Audiences have shown an insatiable appetite for true crime series, but creating those shows is hardly a simple task.

That was the consensus of the exec gathered at an HRTS event, held Tuesday night in Beverly Hills, about the business of producing true crime. Not only must the story be compelling enough to draw an audience, but it must also be presented in a “fair and balanced” way, showing all sides of situations that are bound to be incredibly sensitive.

“Our job is to balance the objectivity of the storytelling but also allow people to tell their stories in an environment that’s comfortable,” said Nathaniel Grouille, Netflix’s senior manager of unscripted originals and acquisitions. “We have to protect everyone in that case.”

Grouille shared a story about a crew’s interview with a drug dealer getting interrupted by SWAT kicking down the door. Everyone got arrested — crew included — until the police could sort out what was going on. Law enforcement wanted to know what the crew had learned, while the drug dealer wanted to know if the crew had led the police there. It was already a tricky process to get the drug dealer to trust the crew, and this complicated matters further.

“Our challenge is to find ways to allow people to be privy to the storytelling without becoming people we’re not…and to protect the facts of the case. Often what’s compelling about true crime is the plot you get is so twisty and turn-y and the truth is so hard to come by,” he said. “I want to hear what the investigator has to say, but…you don’t lead the police to a suspect [and] conversely you don’t help a criminal do their work.”

Bob Thompson, director of business and legal affairs at Discovery Inc.,agreed, noting that often producers will try to “impress the network” with a sensationalized first cut without knowing the true story. “They don’t know if the witnesses are reliable, they haven’t checked their sources yet,” he said.

In order to properly prep producers, Thompson brings in outside counsel “to really take them by the hand and teach them how to do things, how not to do things, and how to teach their crew.”

He cited ride-alongs as an example, noting that while producers can give police cameras if they’re doing an arrest at a private residence, the crew should be “shooting on the sidewalk without zoom lenses.”

“They have to know up front, ‘This is what you can’t do,'” he said.

Thompson noted that “subpoena requests happen all of the time” for true crime projects, especially with active cases. But such requests have to be defended in order to protect the first amendment, he believes.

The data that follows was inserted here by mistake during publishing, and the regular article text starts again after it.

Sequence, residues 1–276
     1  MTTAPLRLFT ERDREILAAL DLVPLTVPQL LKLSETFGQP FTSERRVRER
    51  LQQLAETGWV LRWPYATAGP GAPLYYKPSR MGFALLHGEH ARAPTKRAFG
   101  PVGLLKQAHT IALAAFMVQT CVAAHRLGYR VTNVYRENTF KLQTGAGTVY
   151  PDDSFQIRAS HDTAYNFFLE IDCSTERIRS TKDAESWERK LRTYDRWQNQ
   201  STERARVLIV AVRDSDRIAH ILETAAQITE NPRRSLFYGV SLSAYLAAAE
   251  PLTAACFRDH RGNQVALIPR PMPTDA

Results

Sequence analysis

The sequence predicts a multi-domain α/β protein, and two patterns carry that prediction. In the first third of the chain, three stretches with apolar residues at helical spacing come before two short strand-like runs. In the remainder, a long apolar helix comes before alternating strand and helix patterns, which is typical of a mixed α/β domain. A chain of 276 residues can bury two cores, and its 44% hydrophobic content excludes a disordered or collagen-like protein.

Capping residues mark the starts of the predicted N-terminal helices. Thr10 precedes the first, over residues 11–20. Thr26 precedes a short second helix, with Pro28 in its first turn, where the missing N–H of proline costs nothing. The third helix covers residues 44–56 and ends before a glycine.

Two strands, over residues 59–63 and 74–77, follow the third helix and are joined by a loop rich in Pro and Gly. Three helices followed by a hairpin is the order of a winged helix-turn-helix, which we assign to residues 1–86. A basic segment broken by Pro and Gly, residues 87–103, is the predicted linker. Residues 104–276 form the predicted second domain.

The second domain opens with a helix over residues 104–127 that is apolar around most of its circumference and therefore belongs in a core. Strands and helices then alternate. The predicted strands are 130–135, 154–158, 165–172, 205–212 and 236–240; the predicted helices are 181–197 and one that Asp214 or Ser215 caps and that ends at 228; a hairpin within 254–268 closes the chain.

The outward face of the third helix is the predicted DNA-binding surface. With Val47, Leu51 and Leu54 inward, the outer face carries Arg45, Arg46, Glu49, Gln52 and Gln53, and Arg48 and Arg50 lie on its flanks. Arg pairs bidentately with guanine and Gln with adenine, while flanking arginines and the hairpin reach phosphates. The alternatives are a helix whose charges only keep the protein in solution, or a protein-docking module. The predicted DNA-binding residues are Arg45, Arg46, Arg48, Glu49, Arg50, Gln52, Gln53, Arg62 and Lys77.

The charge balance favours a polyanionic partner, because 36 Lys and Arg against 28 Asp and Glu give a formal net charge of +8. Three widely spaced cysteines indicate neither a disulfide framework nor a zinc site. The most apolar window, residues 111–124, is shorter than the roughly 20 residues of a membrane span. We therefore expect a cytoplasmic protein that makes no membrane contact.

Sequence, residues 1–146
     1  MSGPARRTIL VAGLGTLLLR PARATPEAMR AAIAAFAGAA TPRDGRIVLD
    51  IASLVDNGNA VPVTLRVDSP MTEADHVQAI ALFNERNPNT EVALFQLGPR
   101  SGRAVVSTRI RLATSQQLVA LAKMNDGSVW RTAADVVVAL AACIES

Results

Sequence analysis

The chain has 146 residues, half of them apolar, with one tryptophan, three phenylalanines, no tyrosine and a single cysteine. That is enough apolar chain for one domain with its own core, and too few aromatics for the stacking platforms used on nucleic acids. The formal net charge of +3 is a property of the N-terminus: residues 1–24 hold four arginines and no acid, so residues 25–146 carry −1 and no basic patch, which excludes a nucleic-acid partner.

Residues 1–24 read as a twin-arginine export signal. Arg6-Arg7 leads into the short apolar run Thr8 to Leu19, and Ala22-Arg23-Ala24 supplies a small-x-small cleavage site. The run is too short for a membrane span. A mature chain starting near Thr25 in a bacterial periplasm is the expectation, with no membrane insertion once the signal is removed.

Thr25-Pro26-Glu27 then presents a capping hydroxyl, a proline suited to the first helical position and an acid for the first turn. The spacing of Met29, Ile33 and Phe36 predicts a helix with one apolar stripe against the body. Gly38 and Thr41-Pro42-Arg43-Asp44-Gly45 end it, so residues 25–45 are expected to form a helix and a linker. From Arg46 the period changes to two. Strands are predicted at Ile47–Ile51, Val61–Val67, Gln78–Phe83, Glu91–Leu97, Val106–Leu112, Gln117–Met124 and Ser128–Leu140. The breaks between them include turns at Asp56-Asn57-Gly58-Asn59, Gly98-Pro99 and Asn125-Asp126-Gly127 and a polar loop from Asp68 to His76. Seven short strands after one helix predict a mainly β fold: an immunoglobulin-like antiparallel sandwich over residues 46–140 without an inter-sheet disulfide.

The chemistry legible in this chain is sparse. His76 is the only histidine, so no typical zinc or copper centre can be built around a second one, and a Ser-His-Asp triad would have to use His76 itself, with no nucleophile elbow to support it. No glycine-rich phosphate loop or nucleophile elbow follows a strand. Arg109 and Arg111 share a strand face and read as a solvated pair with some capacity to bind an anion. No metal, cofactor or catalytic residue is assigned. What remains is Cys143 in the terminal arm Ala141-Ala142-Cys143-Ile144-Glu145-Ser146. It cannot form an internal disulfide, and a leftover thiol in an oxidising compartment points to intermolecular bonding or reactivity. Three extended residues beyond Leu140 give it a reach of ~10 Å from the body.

Kathryn Vaughan, president of Good Caper Content and former “Cold Justice” executive producer, said she has a “bible” in place to protect every case, especially because when investigating cold cases, the simple act of reopening them makes them active again.

“If you want to be a true crime producer, there is no world in which legal is your enemy. They must be your best friends. … They keep you safe,” she said. “I’m always sitting in the chair assuming a defense attorney is going to have every email…every document. … You have to be absolutely buttoned-up.”

“There’s no victimless crime, so you’re always, I think, conscious of that,” Grouille added. “When cases get reopened, that’s exciting, but that’s not our primary aim. … [The] job is to tell a great story, it’s not to solve a case.”

But because audiences are looking for answers to the mystery at the end of the show, this poses additional challenges for storytellers, broadcasters, and legal teams.

“You know inherently taking on a serialized project that’s open-ended [comes with] risk,” said Brent Hatherill, senior director of development at Investigation Discovery, given that audiences want a “satisfying conclusion.” “A wrong has been committed and I think there’s an innate human desire to see that wrong righted.”

Turning that into an ending is where “creative producing comes in,” Vaughan said. “We all want the guy in cuffs or a big, huge, splashy ending, but sometimes clearing someone’s name is huge [and] sometimes answering a family’s question is huge,” she said. “You can’t influence it when you’re shooting, so you film it and then your storytelling has to come after.”

In fact, one of the episodes that had the biggest resolution on “Cold Justice,” she recalled, was actually one in which the investigators told the family their case would never be solved.

“There are so many people out there who have a story that they want to share, and oftentimes it’s the worst moment of their lives,” she said. “But there is a cathartic part [to] being a part of a true crime show and telling their stories.”